Equity markets moved to the high end of their trading range over the past week. For those keeping track, the S&P 500 has been rangebound between 3000 and 3200 for the better part of two months. During this time, there were two occasions that sharp and rapid selling threatened to cause a break below 3000 and the all-important 200-day moving average. We held off both threats and bounced higher as buyers stepped in at that critical technical level. We have also seen two occasions where prices attempted to break above 3200 and, in doing so, turn positive for the year. The most recent of these attempts happened today. Each time the S&P 500 got its head above water, sellers stepped in and pulled prices back. The reversal today took place in the last hour of trading and it was steep and fast. This type of price action keeps the bearish case intact for the time being.
Second quarter earnings are going to kick off this week with major banks such as Goldman Sachs, Bank of America and Wells Fargo reporting. The earnings of these companies (along with many others) are predicted to be bad – historically bad… as in the worst year-over-year drop ever. It is quite possible that the market’s resilience is the result of whispers that earnings might not be as bad as analysts think. We are certainly due for some good news somewhere. Whether it is economic, medical, or even social, any good news could be a catalyst for another leg up. When and where such good news might come from is anybody’s guess.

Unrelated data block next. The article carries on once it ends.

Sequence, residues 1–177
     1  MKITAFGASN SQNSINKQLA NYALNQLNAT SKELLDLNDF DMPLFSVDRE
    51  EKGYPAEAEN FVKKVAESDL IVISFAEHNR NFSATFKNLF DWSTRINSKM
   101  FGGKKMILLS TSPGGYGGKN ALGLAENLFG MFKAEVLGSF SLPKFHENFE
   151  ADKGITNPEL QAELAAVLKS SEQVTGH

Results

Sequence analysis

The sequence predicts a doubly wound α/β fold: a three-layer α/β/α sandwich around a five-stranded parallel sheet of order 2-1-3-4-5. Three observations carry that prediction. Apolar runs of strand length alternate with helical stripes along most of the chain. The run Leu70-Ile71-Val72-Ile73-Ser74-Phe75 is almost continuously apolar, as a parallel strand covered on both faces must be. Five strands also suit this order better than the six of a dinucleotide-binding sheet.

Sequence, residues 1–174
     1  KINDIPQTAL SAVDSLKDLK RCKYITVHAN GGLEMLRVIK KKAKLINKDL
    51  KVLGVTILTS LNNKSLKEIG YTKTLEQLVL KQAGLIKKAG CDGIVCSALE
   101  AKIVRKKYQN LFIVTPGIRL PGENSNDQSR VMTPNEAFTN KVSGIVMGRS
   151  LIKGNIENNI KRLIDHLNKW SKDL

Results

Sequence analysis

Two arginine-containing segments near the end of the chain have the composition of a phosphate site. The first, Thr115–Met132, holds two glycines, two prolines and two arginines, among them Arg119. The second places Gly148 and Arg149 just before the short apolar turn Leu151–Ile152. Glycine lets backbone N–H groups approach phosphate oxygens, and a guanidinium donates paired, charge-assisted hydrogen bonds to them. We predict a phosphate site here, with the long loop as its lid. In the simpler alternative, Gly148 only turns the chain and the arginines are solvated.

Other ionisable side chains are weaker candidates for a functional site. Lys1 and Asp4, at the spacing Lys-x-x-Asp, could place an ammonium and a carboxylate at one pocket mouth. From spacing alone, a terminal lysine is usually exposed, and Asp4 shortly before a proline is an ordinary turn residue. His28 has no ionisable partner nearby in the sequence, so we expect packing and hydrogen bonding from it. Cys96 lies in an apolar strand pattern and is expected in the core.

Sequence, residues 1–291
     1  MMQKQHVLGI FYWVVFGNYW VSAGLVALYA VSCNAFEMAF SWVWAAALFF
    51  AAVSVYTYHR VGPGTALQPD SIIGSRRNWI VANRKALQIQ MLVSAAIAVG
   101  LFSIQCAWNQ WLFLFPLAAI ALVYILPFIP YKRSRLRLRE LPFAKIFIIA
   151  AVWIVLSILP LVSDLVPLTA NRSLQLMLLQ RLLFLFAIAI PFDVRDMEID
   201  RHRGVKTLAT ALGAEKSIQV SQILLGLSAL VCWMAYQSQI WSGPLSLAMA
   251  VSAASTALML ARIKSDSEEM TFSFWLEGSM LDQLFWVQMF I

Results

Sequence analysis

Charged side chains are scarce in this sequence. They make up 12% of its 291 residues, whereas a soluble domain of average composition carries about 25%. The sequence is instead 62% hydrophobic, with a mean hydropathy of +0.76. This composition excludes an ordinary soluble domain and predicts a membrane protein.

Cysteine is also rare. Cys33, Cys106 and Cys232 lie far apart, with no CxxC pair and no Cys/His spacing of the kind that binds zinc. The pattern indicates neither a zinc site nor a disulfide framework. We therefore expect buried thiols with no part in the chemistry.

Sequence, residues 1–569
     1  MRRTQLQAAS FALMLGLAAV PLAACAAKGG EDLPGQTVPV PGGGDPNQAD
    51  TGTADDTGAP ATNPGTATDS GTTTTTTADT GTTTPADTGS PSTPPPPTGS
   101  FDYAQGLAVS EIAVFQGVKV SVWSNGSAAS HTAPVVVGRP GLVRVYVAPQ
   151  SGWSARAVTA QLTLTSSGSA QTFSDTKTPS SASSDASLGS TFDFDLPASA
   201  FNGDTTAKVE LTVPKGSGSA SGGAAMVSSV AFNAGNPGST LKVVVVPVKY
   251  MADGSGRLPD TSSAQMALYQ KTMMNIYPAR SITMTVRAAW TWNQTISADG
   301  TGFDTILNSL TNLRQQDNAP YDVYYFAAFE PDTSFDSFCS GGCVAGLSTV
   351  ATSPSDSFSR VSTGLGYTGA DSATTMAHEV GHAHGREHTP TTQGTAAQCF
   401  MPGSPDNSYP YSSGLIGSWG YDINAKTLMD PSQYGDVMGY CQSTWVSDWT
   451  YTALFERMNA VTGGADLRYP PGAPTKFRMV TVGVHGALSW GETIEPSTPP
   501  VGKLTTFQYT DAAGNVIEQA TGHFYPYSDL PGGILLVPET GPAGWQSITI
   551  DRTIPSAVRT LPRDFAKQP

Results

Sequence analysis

The Federal Reserve is meeting later this month, as is the European Central Bank and the Bank of Japan. Congress here at home is said to be considering an additional relief package before its next recess. Maybe some good news will come from that. During the interim, we will monitor conditions and continue to follow our rules-based system. A part of that process is to never argue with the omnipotence of price. Price is the ultimate arbiter. Whether the strength in equity markets is deemed rational or not in the face of unprecedented economic problems matters not. It is what it is, and right now markets have shown remarkable strength.
A PDF of this week’s commentary is available at the following link: